The Security & Policing conference and exhibition is a British Home Office and UK Trade & Investment Defence & Security Organisation (UKTI DSO) event for “police, law enforcement and security professionals who are tasked with security, civil protection and National Resilience.” We all care about our security and the type of policing that is done in our name, yet the event itself is shrouded in secrecy.
The reason for the discretion is supposedly because it allows exhibitors to “display products which would be too sensitive to show in a more open environment.” For this reason the organisers only allow attendees that they say are “serious about security and are either end users, influencers, specifiers, decision makers or purchasers.” In contrast, journalists and those on the receiving end of policing and security policies are unable to attend.
Unfortunately, the notionally 'strict' home office entrance criteria do not prevent invitations being issued to delegations that represent some of most oppressive governments in the world. For example, last year's event was attended by representatives of the regimes in Bahrain, United Arab Emirates and Saudi Arabia.
It's not just standard policing equipment that will be on sale; visitors will be able to purchase almost anything they like from across the wide range of perfectly legal yet highly destructive weaponry that is available to anyone with deep enough pockets. The 'security' equipment being marketed will include sniper rifles, crowd control equipment and surveillance technology. Far from promoting safety, the show will help to arm repressive regimes with exactly the kind of equipment that has been and is being used to suppress protests and silence opposition in the Middle East and North Africa.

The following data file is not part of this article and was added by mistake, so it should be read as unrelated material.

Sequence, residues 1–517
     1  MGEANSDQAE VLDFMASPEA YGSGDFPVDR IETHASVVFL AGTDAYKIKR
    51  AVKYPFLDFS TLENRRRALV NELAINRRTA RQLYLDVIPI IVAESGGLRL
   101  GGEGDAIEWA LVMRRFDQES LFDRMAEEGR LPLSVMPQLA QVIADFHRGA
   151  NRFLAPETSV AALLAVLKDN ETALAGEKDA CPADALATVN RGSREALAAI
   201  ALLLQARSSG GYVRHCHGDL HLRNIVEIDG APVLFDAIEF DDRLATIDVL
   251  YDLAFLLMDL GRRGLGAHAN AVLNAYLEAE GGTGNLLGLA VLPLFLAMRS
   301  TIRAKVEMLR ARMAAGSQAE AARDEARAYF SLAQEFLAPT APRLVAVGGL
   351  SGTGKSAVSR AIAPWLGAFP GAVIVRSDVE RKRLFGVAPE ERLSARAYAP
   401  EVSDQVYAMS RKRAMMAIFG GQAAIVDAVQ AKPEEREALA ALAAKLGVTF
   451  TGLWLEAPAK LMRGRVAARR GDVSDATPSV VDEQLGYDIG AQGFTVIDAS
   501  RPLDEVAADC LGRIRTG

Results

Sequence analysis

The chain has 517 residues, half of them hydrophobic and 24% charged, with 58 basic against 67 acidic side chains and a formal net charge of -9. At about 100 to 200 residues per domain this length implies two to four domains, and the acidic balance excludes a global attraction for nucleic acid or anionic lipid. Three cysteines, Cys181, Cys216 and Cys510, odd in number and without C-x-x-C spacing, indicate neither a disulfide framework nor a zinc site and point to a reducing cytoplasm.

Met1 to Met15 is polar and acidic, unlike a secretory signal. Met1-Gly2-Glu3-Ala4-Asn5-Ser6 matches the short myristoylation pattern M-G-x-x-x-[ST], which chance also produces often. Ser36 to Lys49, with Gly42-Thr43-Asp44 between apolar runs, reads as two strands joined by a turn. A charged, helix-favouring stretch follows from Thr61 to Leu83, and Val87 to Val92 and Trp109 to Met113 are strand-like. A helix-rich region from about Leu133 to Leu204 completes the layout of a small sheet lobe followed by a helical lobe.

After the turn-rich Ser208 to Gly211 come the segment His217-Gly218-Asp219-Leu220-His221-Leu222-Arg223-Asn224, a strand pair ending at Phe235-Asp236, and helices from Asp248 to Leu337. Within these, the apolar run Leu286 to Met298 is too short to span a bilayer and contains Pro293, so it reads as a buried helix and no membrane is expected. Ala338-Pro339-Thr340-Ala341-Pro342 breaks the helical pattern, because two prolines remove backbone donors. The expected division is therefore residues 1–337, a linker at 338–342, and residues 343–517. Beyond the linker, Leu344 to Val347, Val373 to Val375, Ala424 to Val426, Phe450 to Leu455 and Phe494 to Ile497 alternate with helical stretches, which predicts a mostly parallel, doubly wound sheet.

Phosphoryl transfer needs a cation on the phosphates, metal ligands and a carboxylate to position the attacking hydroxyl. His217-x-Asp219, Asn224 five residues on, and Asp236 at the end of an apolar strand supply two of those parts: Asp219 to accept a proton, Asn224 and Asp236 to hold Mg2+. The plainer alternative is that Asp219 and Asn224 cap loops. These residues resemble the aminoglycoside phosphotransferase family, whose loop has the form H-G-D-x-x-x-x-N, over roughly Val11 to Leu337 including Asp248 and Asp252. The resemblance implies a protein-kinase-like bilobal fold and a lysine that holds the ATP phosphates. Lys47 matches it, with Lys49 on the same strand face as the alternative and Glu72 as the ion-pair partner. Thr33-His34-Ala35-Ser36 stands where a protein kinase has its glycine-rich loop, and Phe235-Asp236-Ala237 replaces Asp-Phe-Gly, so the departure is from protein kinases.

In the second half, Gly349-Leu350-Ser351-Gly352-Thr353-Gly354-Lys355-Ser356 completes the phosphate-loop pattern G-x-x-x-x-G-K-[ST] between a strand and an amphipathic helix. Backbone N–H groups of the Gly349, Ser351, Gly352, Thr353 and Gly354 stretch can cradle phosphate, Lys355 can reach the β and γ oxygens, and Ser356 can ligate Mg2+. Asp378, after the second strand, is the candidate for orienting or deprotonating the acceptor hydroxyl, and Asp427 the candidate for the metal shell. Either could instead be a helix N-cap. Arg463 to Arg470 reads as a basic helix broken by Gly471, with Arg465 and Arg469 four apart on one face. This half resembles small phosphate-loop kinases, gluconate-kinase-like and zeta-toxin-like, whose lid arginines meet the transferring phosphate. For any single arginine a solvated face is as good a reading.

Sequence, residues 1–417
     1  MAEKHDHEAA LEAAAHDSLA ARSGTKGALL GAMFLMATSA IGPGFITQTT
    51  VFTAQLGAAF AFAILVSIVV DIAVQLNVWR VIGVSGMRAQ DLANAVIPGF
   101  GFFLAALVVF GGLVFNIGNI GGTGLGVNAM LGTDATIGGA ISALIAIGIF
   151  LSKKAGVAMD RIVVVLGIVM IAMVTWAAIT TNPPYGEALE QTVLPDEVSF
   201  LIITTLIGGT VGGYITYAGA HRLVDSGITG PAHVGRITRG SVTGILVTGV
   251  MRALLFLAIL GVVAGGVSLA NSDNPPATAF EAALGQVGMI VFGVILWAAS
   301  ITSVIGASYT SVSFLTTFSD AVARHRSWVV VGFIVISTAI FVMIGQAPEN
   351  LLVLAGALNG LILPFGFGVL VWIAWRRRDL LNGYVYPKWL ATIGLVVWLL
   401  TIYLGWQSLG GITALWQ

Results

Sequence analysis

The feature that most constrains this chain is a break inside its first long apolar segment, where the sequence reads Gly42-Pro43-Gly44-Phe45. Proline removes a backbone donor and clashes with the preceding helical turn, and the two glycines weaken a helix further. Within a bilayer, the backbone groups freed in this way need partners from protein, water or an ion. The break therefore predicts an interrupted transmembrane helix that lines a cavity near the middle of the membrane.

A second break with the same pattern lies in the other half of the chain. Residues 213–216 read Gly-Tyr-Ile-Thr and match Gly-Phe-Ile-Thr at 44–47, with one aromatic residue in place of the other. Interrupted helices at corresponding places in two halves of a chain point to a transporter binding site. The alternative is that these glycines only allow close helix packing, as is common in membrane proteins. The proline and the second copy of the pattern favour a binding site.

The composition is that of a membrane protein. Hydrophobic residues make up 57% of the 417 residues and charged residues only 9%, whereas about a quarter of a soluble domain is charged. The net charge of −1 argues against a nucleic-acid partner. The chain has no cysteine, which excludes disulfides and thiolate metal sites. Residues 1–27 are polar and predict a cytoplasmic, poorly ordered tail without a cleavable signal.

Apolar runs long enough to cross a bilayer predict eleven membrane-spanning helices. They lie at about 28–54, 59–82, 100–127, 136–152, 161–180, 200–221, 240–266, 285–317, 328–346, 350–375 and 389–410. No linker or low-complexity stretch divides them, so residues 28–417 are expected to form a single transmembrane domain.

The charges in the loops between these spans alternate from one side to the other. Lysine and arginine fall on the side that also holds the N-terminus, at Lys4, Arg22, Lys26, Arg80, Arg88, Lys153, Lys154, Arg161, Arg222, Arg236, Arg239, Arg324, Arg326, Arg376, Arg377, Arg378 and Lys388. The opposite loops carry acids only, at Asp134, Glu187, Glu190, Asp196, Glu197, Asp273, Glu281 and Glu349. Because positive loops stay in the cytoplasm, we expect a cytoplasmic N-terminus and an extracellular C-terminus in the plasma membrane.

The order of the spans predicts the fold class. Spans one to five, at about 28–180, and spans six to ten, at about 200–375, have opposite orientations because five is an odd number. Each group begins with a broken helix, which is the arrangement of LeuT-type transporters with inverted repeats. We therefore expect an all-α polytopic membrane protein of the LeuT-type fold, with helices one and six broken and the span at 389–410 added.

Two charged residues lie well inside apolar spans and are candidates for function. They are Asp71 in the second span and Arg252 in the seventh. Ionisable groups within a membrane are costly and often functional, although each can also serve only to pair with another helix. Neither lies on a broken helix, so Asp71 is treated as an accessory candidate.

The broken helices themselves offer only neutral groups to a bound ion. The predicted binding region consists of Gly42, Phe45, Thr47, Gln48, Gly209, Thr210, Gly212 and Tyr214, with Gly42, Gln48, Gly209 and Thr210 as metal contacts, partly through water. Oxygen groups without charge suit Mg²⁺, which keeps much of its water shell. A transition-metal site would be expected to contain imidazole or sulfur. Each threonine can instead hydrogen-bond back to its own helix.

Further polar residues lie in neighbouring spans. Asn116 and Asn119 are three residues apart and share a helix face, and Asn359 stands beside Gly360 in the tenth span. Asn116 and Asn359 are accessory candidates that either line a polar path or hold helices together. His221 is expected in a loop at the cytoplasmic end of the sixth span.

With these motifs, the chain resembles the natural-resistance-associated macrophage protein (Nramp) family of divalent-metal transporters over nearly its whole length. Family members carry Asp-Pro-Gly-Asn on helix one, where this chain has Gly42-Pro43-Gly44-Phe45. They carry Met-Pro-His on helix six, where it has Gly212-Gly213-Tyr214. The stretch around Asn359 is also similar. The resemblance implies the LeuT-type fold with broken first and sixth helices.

It's not just the guests and the equipment that are a problem; the exhibitors themselves have enabled a long list of human rights violations. BAE's armoured vehicles were used in Bahrain to support the repression of democracy protests. Chemring's weapons, including tear gas, have been turned on protesters in Egypt and Kuwait, and yet it continues to supply repressive regimes across the region. The Gamma Group tried to sell its spyware to Egypt before the revolution and has since been discovered in Indonesia, Bahrain and Turkmenistan. Unfortunately, with over 350 companies in attendance there are many more examples I could highlight.
The links between the 'security' industry and domestic oppression have always been strong, and turning a blind eye to the blurred line is a central facet of UK foreign policy. The global market for non-lethal weaponry is estimated to be worth $880.5 million in 2013 and is expected to reach $1,146.2 million by 2018. Very worryingly there has been a move towards more authoritarian policing methods in the UK, a problem compounded by the possible introduction of water cannons to the streets of London.
However, it's not just arms and surveillance equipment that are sold to these regimes, it's also political legitimacy. Security & Policing is supported politically, financially and logistically by the UK government, and the countries that take part do so, in part, because it strengthens their political links and it sends out the signal that the UK supports what they are doing. In its recent report the House of Commons Foreign Affairs Committee said: "Both the government and the opposition in Bahrain view UK defence sales as a signal of British support for the government."
Not everyone wants to be associated with this. In 2012 Guildford Cathedral, the venue for the event's Gala Dinner, cancelled the booking after Campaign Against Arms Trade raised ethical concerns with the church authorities. We are urging the UK government to follow its example by ending all political, financial and logistical support for events that bring together the biggest arms companies in the world and some of the worst human rights abusers.
Far from keeping us secure, these events only strengthen the UK's ties to brutal dictatorships and entrench the government's role as a global arms seller. Furthermore, they undermine the UK's political credibility on human rights and strengthen the political and military position of repressive regimes. Most importantly they put weapons and surveillance equipment in the hands of those who should never be allowed anywhere near them and endanger the lives, security and human rights of those living under oppression.